The Americans with Disabilities Act, or the ADA, is a federal law which regulates discrimination against individuals with disabilities. The law prohibits discrimination in several areas, including in employment. Like most words in the law, however, disability has a specific definition meaning that to be protected under the law, an individual must have a disability as defined by the ADA. On June 30, 2021, the Second Circuit Court of Appeals in New York joined other jurisdictions and took an expansive interpretation of the meaning of disability. Today’s Long Island employment law blog discusses the case.
To be covered under the ADA, an individual must have a disability as defined by law. The ADA defines disability as a physical or mental impairment that substantially limits one or more major life activities. If an individual has a medical condition that does not meet this definition, then the ADA does not apply and the individual is not entitled to reasonable accommodations under the law and is not protected from discrimination based on the medical condition.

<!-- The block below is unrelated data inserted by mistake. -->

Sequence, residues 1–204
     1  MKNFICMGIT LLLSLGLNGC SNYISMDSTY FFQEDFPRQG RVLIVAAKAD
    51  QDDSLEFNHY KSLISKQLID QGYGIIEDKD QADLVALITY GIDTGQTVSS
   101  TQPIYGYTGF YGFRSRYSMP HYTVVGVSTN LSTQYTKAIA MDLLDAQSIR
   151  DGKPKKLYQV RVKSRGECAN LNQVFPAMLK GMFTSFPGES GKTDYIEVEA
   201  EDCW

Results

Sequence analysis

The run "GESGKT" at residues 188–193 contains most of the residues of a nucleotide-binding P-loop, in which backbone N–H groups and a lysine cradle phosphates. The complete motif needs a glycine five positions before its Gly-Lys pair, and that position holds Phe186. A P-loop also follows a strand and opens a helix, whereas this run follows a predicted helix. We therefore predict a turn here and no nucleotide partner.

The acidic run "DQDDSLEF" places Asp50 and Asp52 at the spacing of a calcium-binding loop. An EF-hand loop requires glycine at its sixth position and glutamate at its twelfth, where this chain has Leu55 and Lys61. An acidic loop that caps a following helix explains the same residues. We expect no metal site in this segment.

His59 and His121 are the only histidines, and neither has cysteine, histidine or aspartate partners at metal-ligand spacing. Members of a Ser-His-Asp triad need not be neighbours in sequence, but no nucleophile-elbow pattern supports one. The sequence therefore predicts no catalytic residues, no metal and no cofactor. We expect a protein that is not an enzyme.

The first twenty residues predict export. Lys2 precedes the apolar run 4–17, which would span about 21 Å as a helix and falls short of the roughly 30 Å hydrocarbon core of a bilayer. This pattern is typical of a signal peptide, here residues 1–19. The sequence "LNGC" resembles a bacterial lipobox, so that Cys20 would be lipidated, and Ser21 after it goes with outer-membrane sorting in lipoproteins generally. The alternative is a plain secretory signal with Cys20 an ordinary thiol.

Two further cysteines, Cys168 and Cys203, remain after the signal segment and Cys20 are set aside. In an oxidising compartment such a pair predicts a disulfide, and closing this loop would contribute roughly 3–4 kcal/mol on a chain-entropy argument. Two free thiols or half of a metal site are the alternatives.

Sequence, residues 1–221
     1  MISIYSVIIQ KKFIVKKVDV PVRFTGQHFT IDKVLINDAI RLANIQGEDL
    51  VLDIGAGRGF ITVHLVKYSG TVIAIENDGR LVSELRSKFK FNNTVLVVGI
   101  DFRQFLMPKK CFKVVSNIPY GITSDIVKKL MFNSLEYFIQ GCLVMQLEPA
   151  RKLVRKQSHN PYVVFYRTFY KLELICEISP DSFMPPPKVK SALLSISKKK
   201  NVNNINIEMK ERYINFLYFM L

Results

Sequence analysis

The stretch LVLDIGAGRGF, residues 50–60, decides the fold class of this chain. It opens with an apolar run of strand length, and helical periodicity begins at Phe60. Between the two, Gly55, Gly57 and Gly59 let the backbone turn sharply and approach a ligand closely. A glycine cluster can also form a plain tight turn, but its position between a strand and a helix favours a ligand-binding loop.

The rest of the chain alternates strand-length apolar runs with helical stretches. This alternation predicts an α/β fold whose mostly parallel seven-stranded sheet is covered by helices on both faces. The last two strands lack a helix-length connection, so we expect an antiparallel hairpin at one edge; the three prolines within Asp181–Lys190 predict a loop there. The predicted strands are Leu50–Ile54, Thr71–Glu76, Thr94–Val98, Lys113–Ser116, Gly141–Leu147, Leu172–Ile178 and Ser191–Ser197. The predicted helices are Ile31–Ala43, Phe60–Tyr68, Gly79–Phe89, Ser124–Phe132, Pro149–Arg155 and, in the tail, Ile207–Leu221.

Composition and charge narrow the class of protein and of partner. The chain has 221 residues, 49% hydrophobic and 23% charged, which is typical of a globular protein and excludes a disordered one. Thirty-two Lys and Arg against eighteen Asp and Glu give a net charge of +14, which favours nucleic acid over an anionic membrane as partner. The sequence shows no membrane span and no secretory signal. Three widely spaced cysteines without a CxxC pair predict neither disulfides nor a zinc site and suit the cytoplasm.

In 2002, the Supreme Court of the United States narrowly interpreted the definition. The Court determined that the words used by Congress, such as major and substantially, implied that disability is a demanding standard. The Court further held that to qualify as a disability, a person’s impairment must be permanent or long term.